For Troops At The Border, Encounters With Migrants Are Rare
During the eight months they've been deployed at the U.S.-Mexico border, military personnel have had little direct contact with the people at the center of the mission.
Soldiers and Marines are stretched along the U.S. southern border from California to Texas. Among the tasks they've performed: monitoring surveillance cameras, installing concertina wire, and painting border barriers.
But they rarely come in contact with migrants who cross the border from Mexico.
"We are not taught to engage in this particular mission set," says Lt. Col. Timothy Gatlin, the commander of 1st Battalion, 37th Field Artillery Regiment. "We want to de-escalate every situation we come in contact with and turn it over to the supported element, which is the Border Patrol."
Soldiers from Joint Base Lewis McChord near Tacoma, Wash. are stationed around El Paso. They've been drilled on the rules of force when working with Border Patrol. Customs and Border Protection trained them for about 40 hours on the equipment the agency uses and how to react when someone approaches, Gatlin said.
"Training that we got before and during the mission really just tells us we want to be able to back away from any engagement and get on the BP radio and radio to our BP partners."
Soldiers carry flashcards in Spanish to communicate with asylum seekers and other migrants. Troops mainly encounter people who are looking for water or who want to turn themselves into the Border Patrol, said Col. Paul Nathan Garcia, deputy commander of Joint Task Force North, which is in charge of the operation.
"I would say across the entire southwest border, we’ll have one or two (encounters) that happen," he said. "I’m talking 2,000 miles of southwest border, 150 sites, that we’ll mainly have a couple a week."
A handful of more serious encounters have been made public. In April, members of the Mexican military stopped and questioned two U.S. soldiers in an unmarked CBP vehicle near Clint, Tex. A CBP and Pentagon review found the Mexican troops mistakenly believed the soldiers were south of the Mexican border, said Col. Cathy Wilkinson, a spokeswoman for the border mission.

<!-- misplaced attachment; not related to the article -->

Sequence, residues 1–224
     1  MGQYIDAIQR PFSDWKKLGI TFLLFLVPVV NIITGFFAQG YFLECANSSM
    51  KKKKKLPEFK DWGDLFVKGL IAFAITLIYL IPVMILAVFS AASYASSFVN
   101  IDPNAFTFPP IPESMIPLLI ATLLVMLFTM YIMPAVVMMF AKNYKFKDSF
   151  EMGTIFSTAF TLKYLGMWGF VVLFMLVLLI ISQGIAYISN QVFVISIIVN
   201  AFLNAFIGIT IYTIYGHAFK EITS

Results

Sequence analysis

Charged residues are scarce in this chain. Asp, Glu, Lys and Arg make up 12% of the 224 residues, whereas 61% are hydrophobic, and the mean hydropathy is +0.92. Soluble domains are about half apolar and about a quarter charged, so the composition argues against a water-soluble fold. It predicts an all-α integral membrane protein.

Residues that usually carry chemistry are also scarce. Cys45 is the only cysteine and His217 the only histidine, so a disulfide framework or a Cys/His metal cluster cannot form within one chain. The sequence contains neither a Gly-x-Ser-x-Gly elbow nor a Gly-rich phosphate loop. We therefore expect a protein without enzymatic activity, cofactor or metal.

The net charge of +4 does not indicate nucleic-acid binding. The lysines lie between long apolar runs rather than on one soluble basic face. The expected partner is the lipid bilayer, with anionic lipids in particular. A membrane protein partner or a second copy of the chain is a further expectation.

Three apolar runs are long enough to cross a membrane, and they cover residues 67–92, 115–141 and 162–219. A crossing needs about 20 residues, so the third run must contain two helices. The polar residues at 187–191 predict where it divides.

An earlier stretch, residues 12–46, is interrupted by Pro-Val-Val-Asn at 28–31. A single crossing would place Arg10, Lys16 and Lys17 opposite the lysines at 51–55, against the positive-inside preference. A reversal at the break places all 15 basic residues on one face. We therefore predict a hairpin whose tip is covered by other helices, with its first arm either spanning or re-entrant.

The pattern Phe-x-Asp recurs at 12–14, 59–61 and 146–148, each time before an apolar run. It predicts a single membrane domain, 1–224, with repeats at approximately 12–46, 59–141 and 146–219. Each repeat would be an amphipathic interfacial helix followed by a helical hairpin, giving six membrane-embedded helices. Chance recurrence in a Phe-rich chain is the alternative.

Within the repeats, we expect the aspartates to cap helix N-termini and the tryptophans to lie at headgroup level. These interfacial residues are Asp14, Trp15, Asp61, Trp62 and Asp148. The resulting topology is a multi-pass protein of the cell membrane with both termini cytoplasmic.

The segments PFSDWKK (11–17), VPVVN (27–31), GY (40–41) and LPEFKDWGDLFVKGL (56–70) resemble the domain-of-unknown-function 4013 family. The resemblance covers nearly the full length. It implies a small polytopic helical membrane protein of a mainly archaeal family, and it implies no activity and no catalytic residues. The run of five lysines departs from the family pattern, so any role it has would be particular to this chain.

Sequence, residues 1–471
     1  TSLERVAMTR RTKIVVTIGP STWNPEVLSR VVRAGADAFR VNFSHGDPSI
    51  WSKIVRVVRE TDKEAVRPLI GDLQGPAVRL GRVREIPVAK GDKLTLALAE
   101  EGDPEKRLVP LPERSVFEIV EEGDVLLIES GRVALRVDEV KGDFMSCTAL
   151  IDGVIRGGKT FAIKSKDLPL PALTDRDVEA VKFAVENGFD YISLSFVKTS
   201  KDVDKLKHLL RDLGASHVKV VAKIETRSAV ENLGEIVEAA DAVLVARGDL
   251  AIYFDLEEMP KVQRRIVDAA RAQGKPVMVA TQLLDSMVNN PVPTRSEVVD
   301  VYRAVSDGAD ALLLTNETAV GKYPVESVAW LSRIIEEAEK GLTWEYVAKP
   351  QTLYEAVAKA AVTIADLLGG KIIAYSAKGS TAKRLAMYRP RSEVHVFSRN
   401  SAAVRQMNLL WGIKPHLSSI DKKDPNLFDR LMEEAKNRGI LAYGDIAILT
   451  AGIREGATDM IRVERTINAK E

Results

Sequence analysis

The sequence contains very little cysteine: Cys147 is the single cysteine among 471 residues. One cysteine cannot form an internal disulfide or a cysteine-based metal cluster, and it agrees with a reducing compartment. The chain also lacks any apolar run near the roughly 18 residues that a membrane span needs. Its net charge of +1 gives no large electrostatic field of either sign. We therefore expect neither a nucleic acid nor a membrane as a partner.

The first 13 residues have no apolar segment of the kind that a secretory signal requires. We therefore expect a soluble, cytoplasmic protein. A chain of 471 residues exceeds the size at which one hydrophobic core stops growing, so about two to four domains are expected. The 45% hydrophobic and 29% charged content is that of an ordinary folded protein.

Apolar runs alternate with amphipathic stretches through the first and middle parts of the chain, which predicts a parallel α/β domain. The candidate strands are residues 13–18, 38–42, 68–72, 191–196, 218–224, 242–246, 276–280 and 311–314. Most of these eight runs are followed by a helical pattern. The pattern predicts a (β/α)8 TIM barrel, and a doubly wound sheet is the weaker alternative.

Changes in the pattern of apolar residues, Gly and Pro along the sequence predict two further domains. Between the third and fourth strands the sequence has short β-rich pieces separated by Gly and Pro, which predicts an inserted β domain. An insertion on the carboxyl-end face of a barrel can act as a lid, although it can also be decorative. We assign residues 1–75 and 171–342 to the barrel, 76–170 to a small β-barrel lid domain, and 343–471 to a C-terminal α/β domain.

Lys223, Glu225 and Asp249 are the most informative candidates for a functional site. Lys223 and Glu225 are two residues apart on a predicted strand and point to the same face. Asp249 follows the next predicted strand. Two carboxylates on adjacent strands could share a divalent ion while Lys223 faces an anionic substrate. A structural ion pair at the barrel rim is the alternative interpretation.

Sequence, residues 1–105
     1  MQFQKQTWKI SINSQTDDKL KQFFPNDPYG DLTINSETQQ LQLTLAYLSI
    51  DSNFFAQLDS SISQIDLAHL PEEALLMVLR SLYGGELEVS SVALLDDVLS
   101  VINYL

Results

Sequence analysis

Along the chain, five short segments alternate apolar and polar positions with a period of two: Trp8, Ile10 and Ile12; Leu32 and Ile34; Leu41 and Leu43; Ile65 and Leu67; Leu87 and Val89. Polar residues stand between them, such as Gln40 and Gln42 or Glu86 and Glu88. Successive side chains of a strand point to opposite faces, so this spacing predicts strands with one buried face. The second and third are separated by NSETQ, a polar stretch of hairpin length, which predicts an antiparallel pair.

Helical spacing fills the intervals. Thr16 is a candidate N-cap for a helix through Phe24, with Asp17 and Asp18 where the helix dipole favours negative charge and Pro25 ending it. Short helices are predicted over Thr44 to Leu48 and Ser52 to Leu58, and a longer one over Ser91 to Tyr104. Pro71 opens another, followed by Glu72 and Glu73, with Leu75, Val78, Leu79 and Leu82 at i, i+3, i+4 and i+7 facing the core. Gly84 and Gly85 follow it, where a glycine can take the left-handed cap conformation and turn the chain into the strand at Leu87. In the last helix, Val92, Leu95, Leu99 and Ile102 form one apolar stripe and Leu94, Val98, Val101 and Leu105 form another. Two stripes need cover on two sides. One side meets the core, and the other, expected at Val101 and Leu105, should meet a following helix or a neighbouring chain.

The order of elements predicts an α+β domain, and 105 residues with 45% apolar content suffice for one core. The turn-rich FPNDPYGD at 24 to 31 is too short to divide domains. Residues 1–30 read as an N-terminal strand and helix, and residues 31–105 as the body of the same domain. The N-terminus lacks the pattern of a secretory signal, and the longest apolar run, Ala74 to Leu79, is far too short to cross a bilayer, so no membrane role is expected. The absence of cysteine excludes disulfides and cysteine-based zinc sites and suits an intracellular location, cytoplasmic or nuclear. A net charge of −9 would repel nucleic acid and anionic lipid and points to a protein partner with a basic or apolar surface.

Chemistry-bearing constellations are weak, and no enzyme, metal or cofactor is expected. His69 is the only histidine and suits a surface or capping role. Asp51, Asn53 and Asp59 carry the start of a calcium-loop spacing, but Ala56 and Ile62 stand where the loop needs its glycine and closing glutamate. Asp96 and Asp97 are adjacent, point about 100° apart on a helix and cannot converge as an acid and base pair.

In May, two service members assigned to the Defense Department’s Southwest Border Support mission were involved in the negligent discharge of a military-issued handgun during mobile surveillance camera operations in Yuma, Az. One person received injuries that were not life-threatening and was treated at a civilian hospital. The incident is under investigation, Wilkinson said.
On May 19, soldiers reported someone pointed a gun at them. CBP responded with the Yuma County Sheriff's Office and apprehended the suspects, Wilkinson said.
Also, a Marine discharged his weapon May 29 while stationed at a mobile surveillance site near El Centro, Cal. An investigation is ongoing, she said.
Brig. Gen. Walter Duzzny, the Deputy Commanding General of U.S. Army North, says contact between troops and migrants is infrequent.
"It is very uncommon," he said, "especially for the duration of the operation and really the size of the operation, in terms of the geographic size of the border, it's extremely small."
Since they first arrived at the border in October, troops have mostly performed missions that keep them away from anyone crossing the border. Soldiers and Marines laid miles of concertina wire and erected barriers at the ports of entry. Troops have aided in the apprehension of 13,000 people and the seizure of 3,000 pounds of marijuana.
The numbers are small compared to the traffic coming across the southern border. CBP released figures showing 593,507 migrants have been taken into custody since the beginning of the year. The agency takes in roughly 5,863 pounds of narcotics a day on average.
By working surveillance and other missions along the border, troops are freeing up border agents to take a more active role, Duzzny said.
In El Paso -- a city heavily dependent on trade with Mexico -- every aspect of border policy draws attention. But the military's presence has barely registered with many residents. The city is home to Fort Bliss and is accustomed to military operations.
At Los Bandidos De Carlos and Mickeys, a busy Mexican restaurant, some of the customers wear Army uniforms. Owner Rosa Saenz is one of several restauranteurs who deliver food to asylum seekers dropped off by Border Patrol. She says there are a lot of problems related to the way migrants are being handled, but so far, she says most people don't blame the military.
"In El Paso, we understand what the military is about," Saenz said. "We don't blame them. We know they're following orders. They're doing their jobs. How you follow orders, of course, you know, you can either do it with a certain amount of assertiveness or you can do it with the understanding that these are just people."
Troops could become more visible along the border. The Pentagon has agreed to begin transporting migrants to detention facilities and begin providing food service. Troops also are scheduled to build six new detention facilities, though the details of those operations haven't been released.
This story was produced by the American Homefront Project, a public media collaboration that reports on American military life and veterans. Funding comes from the Corporation for Public Broadcasting.